The end of year is a great time to perform a thorough Career Check-Up to assess how well your career is progressing, according to Right Management
, the world’s largest outplacement company.
“It’s an ideal time to take a realistic look at where you are now, where you expect to be going forward, and how satisfied you are with both,” said Doug Matthews, Executive Vice President, Operations, for Right Management. “With the start of a new year, people like to make new beginnings, if necessary.”
However, many people make decisions about their jobs and careers – whether to change employers, or go into a different line of work – based on only one or two factors, instead of performing a comprehensive career assessment. Or they allow perceived slights and inequalities to outweigh other, more important considerations, according to Matthews.
“People sometimes make instinctive, snap decisions about their careers depending on how they are getting along with their bosses at the time, how well they are being paid, and whether they have been promoted recently. While each of these components is important, decisions about whether to change jobs and/or careers need to be based on a range of factors.”
Many employees make a hasty job change due to one isolated incident, and often later regret making a move, according to Matthews. Also, it may be at least slightly more difficult to find new employment in 2007 than this year.
Even though employers added 132,000 jobs to their payrolls in November, the total of new payroll jobs created from January through November 2006 – approximately 1.64 million – is about 11 percent less than for the same period last year (1.84 million), according to the U.S. Labor Department. And the unemployment rate – which is still at a five-year low – trended up slightly in November to 4.5 percent from 4.4 percent in October.
“Don’t make a knee-jerk reaction based on one meeting or one lackluster performance review. The grass isn’t always greener,” cautioned Matthews.
The four components of a thorough Career Check-Up include evaluations of your employer’s situation; the marketability of your career; your own professional development; and any personal preferences, needs, or desires, according to Matthews.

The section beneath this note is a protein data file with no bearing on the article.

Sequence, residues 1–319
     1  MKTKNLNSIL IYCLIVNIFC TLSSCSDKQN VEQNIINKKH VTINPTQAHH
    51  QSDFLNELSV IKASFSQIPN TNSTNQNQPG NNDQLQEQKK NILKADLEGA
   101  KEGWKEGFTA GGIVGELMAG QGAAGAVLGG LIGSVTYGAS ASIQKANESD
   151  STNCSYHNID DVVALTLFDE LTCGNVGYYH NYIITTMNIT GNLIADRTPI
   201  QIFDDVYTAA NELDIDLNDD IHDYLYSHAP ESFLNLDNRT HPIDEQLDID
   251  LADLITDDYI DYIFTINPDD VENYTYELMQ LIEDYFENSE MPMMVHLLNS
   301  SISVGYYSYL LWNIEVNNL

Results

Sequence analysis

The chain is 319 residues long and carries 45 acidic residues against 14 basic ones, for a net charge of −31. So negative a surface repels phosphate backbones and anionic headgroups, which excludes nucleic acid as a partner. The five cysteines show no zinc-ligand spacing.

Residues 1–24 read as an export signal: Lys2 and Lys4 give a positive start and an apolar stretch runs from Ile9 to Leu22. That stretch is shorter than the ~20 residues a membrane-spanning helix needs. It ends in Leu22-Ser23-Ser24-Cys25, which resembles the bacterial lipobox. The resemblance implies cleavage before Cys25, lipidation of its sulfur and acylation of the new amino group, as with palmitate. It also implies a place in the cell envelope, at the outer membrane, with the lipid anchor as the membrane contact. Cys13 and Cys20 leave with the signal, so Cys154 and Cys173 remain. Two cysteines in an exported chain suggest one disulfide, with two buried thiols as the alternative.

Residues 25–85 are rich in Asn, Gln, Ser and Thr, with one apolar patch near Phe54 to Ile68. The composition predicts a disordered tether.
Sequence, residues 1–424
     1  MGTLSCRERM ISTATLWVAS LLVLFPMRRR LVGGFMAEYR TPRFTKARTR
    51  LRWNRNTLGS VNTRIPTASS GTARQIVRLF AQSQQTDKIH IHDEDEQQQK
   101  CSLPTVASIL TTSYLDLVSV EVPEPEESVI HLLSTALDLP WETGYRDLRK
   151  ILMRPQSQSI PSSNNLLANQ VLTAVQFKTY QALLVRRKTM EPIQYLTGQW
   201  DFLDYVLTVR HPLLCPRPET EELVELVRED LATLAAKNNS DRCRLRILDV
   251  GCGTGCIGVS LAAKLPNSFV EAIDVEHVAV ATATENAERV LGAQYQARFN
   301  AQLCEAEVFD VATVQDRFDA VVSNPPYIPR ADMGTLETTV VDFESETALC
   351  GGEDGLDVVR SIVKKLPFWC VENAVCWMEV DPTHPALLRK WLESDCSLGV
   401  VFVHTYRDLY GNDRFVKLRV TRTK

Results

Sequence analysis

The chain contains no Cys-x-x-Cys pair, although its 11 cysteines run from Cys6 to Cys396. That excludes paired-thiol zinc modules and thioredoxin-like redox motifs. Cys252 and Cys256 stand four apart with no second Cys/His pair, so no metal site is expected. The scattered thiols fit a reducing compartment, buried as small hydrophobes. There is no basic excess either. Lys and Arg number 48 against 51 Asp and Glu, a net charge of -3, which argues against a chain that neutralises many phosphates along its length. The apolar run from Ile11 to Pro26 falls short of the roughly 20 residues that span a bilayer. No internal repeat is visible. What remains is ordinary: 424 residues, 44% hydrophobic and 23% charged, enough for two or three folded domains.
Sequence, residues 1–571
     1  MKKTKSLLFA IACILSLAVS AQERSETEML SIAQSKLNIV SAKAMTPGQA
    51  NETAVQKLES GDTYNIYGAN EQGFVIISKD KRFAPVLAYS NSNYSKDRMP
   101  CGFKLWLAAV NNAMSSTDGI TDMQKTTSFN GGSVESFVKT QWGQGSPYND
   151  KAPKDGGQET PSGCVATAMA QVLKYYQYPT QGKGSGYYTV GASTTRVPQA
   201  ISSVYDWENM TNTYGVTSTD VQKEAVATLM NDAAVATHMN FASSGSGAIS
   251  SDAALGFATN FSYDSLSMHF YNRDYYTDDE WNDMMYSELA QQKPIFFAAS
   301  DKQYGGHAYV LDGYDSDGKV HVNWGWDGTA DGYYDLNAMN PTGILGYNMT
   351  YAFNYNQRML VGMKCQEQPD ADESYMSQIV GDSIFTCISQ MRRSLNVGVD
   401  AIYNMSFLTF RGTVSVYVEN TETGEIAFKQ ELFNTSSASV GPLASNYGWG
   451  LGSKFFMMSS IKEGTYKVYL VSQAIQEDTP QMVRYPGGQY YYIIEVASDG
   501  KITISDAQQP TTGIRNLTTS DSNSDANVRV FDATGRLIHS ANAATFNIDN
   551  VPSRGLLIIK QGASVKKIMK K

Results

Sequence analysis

· Assess Your Employer’s Situation: How well your employer is performing financially is an important component. “Are sales and market share increasing or decreasing? Is your employer an innovator in its field, and keeping up to date with the latest technology? What is your company’s reputation in your industry and community, and how would this affect your own career goals?,” Matthews asked.
· Evaluate Your Career Marketability: The current demand for your skills, and whether you have kept them and your professional knowledge up to date, are critical factors. “Those with the most marketable careers are working in industries that are doing well, performing job functions that are in demand, have kept their knowledge and skills up to date, and have a network of professional contacts with whom they’ve regularly kept in touch,” Matthews said.
· Your Own Professional Development: How your skills are being used in your current job, and your potential for future career growth, should also be evaluated. “Are you in a job that capitalizes on your interests and strengths, and are you regularly learning something new? How often are your input and ideas sought, and is your advice taken? What is the potential to advance further with your current employer?,” Matthews asked.
· Your Personal Preferences: Factors such as how much you enjoy your job, and how you feel about getting up each day and going into work, should also be weighed. “Is your job still personally satisfying, or do you dread going into work? Has your workload been interfering with your personal life? Have you been thinking about making some kind of change – switching industries, job functions, working for a smaller company, or having fewer responsibilities?,” Matthews asked.
Those who decide that their current job situations are promising and rewarding will appreciate the validation they receive from conducting a thorough Career Check-Up, Matthews.said. “People who uncover areas that they need to work on may want to address these with their bosses. Those with mostly negative answers should realize that their career prospects with their current employers may be limited, and it may be in their best interests to examine other job possibilities.”
About Right Management
Right Management (www.right.com) is a leading global provider of integrated consulting solutions across the employment lifecycle. Right Management helps clients maximize the return on their human capital investments while assisting individuals to achieve their full potential.
Right Management is a wholly owned subsidiary of Manpower, Inc. (NYSE:MAN), a world leader in the employment services industry, creating and delivering services that enable its clients to win in the changing world of work.